Don’t worry, it will come out


Today during an epic game of tag/wrestling outside with Jon and the kids, I was reminded of something that happened in second grade.

Jon had just told the kids to not knock me over because we don’t want grass stains on mommies pants. We were having fun, laughing and really playing. Jon had taken out his iPhone and was capturing our happy moment.

And then, it happened.

I got a grass stain on my pants.

My first reaction was, “Oh well” and then “Oh no, do I have any spray and wash?”

This moment took me back to to second grade on the playground. As a kid, I never wanted to get my clothes dirty. So, I never really played during recess (plus, I didn’t have a lot of friends, but that’s a story for another day). One day while playing at recess on the upper-playground (we had two playgrounds you see, an upper and lower). I was by the track on the North side and fell down. I was devastated that I had fallen and gotten my white pants dirty with a grass stain and yellow dandelion smear.

I kneeled on one knee to examine it.  Up close it was worse than anticipated.

“Oh no, mommy will be so mad”. She was always telling me not to get my clothes dirty and especially not to get grass stains.

In my worry of what mommy may say, I began to cry big fat tears that only a second grader knows. The kind of cry that is so helpless you cannot think of anything else. The kind of cry where you are scared and don’t know what to do.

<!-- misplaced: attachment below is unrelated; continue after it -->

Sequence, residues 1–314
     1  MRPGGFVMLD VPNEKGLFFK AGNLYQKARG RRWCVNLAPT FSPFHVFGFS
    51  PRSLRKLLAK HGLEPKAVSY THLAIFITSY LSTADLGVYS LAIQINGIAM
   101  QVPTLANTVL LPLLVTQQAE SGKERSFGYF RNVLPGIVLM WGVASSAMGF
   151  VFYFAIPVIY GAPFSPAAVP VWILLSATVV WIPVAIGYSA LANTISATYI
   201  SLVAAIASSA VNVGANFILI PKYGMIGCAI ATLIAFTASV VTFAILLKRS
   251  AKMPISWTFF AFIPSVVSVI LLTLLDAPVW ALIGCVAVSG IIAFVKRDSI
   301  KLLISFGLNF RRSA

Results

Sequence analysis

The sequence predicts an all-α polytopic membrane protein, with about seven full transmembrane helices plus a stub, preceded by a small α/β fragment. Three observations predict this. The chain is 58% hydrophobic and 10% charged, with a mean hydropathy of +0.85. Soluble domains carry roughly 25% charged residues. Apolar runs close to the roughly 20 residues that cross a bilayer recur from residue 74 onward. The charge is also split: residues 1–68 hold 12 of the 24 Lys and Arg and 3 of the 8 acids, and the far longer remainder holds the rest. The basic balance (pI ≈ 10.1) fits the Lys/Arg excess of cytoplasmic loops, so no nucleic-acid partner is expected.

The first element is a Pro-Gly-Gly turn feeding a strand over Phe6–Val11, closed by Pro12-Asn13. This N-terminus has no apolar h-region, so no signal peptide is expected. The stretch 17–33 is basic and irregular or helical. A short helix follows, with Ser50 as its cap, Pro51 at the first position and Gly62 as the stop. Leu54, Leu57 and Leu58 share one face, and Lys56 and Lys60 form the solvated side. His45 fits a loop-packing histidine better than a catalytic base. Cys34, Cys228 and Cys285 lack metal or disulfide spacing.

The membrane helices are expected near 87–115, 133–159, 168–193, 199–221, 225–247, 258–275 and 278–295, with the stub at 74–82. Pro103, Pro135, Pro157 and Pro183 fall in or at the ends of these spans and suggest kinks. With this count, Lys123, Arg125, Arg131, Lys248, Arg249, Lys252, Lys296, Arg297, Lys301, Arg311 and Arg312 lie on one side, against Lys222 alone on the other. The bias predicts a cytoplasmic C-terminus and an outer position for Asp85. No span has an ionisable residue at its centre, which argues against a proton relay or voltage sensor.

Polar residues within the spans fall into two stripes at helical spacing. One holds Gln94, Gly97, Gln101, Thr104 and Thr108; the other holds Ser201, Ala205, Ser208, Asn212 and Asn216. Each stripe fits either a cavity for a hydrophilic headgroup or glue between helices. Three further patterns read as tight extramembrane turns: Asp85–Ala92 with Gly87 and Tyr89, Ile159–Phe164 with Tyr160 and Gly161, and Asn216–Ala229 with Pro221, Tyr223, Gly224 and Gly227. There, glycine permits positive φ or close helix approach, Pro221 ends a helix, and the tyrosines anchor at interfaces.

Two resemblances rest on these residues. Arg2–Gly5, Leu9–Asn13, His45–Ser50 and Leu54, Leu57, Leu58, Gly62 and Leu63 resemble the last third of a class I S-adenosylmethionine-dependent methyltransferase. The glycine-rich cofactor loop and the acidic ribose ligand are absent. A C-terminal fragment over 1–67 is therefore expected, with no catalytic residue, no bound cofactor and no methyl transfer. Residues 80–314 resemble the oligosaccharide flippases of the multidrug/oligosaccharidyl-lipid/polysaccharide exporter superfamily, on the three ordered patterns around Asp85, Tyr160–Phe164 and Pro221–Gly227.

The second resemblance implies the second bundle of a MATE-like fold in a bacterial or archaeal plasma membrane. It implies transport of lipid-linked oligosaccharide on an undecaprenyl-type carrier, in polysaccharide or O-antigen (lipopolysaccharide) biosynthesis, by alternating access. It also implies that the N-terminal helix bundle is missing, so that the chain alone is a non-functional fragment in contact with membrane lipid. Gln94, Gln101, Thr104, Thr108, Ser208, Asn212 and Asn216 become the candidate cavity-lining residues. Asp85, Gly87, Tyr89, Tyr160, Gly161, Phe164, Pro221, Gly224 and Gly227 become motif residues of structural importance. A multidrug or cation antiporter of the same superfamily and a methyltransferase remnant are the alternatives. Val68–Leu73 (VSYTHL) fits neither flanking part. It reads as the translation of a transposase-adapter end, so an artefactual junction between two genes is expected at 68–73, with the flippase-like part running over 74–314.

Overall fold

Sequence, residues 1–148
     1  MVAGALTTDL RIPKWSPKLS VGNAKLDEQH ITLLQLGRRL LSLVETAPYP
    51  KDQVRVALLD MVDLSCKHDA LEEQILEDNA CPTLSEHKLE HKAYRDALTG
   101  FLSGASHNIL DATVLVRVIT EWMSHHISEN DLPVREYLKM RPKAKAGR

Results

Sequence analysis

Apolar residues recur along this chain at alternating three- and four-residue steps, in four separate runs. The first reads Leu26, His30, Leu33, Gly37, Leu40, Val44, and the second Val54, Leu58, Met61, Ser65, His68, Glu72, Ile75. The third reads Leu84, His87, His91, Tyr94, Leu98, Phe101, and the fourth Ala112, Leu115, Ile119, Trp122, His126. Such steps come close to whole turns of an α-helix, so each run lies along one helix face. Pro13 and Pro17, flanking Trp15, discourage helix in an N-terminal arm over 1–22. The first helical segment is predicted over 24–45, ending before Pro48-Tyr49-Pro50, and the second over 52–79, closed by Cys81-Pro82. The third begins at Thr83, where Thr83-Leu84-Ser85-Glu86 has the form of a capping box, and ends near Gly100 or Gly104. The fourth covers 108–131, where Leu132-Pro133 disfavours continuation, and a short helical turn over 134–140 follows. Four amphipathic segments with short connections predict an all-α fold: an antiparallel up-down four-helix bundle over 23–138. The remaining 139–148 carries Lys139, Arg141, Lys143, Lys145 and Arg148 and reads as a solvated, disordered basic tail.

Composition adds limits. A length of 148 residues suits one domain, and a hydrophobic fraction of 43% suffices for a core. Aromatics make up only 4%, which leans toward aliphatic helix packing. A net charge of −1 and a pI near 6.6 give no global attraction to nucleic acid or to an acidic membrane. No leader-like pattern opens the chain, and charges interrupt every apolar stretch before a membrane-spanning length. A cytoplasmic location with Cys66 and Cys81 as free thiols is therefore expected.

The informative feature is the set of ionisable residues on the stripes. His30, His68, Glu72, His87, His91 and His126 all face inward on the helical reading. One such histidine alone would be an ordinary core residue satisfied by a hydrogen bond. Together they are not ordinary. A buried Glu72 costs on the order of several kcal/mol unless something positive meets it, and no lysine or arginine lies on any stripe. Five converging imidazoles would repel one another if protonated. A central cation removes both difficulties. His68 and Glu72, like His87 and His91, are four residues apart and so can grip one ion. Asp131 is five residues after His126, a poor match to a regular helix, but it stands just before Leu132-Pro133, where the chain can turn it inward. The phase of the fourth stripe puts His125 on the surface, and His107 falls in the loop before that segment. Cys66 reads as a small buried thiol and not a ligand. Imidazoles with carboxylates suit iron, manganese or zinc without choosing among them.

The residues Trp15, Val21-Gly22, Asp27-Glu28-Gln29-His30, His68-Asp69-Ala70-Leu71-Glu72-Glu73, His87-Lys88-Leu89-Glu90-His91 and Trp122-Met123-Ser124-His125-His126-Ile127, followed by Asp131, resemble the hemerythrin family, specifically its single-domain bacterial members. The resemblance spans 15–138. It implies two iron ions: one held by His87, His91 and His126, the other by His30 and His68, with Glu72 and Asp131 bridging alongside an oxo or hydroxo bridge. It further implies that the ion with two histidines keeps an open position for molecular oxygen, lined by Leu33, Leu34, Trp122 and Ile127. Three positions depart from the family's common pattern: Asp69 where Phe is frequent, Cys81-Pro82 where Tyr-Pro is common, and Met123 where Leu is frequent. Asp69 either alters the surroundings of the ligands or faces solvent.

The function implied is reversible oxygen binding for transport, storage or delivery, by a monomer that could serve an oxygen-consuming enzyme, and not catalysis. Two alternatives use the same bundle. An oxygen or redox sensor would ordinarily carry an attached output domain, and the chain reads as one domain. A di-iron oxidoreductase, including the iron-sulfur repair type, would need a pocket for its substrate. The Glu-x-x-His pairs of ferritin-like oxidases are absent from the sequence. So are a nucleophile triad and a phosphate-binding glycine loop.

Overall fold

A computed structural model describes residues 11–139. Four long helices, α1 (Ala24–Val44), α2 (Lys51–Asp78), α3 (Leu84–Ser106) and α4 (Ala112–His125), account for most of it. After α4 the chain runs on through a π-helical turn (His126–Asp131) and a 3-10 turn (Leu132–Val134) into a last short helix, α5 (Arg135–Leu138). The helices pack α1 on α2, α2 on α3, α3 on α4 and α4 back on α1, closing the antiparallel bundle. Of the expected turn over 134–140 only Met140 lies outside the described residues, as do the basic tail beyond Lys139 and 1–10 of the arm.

All of this happened over maybe a 10 second period of time.

Then my friend looked me in the eyes and said, “Don’t worry, it will wash out”. Her confidence gave me hope and I wiped the tears away from my cheeks. I knew all was not lost.

But that moment was an epiphany in my second grade life. I can play and get dirty because the dirt will wash out. 

For me to realize that it was ok to get dirty was a big deal.

Fast forward 25+ years and the tables are turned. I’m the mother doing the wash, worried if the stains will come out. Clothes are clothes, sometimes the dirt and stains washout, sometimes they don’t. But the price for happy moments and laughter are worth the cost of stains and ruined shirts. I’ll take laughter with kids in stained clothes any day.

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